Vaughn hoped to establishment himself as a personality. He was seeking popularity that would keep him in demand far after “The Lieutenant” was gone, though he obviously didn’t think the show would be finished after just one season and 29 episodes.

No one was rooting for “The Lieutenant” more than Vaughn, who thought the show might enable him to write his own ticket in the future. But, alas, things didn’t quite work out that way.

For one thing, Vaughn found himself relegated to the role of babysitter for the program’s real star, Gary “Look at Me, I’m Beautiful” Lockwood, who played Lt. William “Bill” Rice.

For another, Vaughn came across more like a robot than a human being. This was not the kind of personality likely to attract a large following.

Still, when “The Lieutenant” was canceled, it was Vaughn, not Lockwood, who received another offer.

“We recognized Vaughn’s talent,” said a man at MGM, “and we were really sorry he got buried in ‘The Lieutenant.’ We think his new program, ‘The Man From UNCLE,’ is much better suited for him.”

So now another Ballyhoo Season is underway and Vaughn is repeating himself. He wants to be Personality-Plus and will definitely tailor his new TV role to fit himself. This time Vaughn has assurance he will be THE star.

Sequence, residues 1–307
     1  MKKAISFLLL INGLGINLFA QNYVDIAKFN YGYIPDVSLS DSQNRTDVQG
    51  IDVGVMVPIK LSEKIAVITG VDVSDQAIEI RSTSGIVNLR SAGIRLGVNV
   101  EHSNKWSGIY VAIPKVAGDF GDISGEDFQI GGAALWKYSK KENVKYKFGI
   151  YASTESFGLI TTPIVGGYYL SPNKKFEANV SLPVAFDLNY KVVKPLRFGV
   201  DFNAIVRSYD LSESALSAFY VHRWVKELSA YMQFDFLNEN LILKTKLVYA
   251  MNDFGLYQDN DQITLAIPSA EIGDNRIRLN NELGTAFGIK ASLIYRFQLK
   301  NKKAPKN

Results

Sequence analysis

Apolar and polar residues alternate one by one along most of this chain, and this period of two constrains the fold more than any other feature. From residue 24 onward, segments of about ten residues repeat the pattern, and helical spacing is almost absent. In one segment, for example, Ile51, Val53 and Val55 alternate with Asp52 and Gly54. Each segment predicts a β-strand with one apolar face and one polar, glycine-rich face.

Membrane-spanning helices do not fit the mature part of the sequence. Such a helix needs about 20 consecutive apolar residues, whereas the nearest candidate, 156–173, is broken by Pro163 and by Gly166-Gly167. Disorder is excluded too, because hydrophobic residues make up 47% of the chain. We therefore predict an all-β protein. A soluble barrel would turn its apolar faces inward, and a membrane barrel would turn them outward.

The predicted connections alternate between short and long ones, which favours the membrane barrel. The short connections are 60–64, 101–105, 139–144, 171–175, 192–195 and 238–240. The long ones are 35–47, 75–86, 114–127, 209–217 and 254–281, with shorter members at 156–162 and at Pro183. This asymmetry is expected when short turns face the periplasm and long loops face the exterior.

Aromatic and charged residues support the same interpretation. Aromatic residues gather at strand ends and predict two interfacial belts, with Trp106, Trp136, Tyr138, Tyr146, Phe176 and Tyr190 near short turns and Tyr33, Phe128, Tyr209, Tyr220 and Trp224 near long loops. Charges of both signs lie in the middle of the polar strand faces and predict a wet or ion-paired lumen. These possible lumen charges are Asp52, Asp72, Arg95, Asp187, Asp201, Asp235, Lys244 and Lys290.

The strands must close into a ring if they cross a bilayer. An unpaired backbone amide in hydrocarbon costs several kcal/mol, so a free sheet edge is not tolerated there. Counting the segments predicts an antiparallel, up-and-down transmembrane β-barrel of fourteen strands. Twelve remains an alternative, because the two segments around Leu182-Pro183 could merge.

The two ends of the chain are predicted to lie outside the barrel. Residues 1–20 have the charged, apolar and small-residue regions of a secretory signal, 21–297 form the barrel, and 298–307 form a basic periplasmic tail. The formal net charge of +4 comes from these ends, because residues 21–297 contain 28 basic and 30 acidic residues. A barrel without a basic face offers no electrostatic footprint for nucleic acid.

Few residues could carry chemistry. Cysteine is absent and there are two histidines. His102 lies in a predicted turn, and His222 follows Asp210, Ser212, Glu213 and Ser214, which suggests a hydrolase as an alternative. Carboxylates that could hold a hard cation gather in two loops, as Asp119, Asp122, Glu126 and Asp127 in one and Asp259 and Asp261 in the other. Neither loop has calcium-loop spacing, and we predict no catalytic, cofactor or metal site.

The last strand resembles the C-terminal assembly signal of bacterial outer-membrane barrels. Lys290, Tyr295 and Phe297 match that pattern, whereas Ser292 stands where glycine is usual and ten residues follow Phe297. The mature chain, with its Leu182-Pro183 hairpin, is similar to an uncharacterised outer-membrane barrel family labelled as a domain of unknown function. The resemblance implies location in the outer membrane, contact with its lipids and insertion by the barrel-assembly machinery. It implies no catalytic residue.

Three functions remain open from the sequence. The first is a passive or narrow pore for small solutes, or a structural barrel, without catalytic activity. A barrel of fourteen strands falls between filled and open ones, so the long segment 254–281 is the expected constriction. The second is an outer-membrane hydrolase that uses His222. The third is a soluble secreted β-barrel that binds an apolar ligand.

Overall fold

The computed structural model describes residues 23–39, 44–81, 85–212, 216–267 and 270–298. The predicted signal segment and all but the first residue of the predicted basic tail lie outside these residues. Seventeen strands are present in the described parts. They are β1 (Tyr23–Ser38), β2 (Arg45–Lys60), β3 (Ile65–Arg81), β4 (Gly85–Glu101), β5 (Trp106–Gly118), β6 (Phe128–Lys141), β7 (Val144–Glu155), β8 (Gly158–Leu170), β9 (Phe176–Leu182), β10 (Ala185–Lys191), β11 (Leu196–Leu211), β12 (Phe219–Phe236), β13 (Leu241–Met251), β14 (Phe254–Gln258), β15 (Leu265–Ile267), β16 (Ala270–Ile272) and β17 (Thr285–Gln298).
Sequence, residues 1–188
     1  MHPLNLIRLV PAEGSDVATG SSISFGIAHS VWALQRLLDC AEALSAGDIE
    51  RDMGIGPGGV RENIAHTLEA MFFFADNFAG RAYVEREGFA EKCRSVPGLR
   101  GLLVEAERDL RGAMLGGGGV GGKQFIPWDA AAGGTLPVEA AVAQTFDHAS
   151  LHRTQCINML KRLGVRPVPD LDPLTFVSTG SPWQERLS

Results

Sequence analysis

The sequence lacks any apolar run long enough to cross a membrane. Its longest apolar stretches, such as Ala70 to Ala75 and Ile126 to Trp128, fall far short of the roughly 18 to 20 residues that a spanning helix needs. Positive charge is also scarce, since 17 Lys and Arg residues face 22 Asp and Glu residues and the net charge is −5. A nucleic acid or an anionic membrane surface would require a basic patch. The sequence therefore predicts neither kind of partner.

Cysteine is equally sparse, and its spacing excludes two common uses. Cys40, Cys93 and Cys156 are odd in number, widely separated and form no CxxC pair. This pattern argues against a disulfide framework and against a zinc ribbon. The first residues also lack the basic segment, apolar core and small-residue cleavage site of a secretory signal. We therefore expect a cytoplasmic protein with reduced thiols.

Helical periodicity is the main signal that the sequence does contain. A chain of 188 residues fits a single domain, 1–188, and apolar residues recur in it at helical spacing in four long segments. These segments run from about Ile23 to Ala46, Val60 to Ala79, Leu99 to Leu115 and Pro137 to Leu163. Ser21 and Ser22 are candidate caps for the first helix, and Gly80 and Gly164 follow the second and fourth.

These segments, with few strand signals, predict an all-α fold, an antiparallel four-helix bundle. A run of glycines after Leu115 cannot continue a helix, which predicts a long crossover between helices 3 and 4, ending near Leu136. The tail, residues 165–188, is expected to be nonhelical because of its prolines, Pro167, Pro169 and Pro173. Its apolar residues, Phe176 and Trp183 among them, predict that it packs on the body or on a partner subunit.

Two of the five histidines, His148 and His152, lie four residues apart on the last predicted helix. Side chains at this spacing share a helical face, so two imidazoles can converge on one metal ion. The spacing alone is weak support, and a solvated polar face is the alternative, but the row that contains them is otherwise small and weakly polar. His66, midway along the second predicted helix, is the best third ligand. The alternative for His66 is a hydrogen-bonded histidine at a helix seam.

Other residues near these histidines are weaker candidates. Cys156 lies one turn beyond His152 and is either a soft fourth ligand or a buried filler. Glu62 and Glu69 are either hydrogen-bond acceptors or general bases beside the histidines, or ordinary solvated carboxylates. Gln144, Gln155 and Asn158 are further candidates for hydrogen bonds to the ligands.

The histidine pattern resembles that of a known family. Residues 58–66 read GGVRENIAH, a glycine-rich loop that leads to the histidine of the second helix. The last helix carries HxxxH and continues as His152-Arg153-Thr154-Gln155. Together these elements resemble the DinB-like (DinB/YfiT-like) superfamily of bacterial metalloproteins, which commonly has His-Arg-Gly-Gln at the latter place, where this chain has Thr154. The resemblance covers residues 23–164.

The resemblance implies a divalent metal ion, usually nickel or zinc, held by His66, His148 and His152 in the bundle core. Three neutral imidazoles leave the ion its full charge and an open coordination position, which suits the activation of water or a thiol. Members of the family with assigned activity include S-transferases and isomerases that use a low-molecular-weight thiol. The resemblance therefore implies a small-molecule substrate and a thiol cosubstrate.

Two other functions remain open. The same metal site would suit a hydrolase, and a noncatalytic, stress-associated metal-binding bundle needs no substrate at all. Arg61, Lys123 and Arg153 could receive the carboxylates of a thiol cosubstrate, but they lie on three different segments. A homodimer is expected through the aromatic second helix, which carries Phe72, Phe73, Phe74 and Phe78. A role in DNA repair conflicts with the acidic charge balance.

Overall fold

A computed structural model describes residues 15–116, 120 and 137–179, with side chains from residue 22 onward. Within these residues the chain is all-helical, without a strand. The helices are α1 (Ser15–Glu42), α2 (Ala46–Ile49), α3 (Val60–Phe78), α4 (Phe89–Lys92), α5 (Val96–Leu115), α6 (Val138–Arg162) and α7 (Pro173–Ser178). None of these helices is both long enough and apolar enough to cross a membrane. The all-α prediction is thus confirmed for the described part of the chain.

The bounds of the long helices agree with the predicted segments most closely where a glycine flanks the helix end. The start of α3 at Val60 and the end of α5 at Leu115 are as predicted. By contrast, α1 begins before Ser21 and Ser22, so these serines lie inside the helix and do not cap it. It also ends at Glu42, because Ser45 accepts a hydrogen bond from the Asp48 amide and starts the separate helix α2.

His program will bear more than a slight resemblance to movies made for Ian Fleming’s creation, secret agent James Bond. Vaughn will be Napoleon Solo, an agent for UNCLE, an agency now designated as the United Network Committee for Law and Enforcement. Originally it was slated to be a United Nations organization, but the United Nations got wind of the idea and killed it.

Vaughn should do well with his role. His affiliation with MGM will help. That studio has a high standard of television production. Even its failures – “The Lieutenant,” “Sam Benedict” and “Eleventh Hour” – were slickly produced and usually praised by critics. There was no lack of quality, only lack of ratings.

The 32-year-old Vaughn also is a fine actor, although his portrayals generate little warmth. Vaughn realizes this and feels his new series will be as much of a challenge to his personality as it will be to his talent.

So when I met Vaughn I wondered if the public will buy this guy.

I hope so. Vaughn came across as a poised, articulate, polite and well-organized fellow. And serious. He was suave, too, but kind of snobbish suave.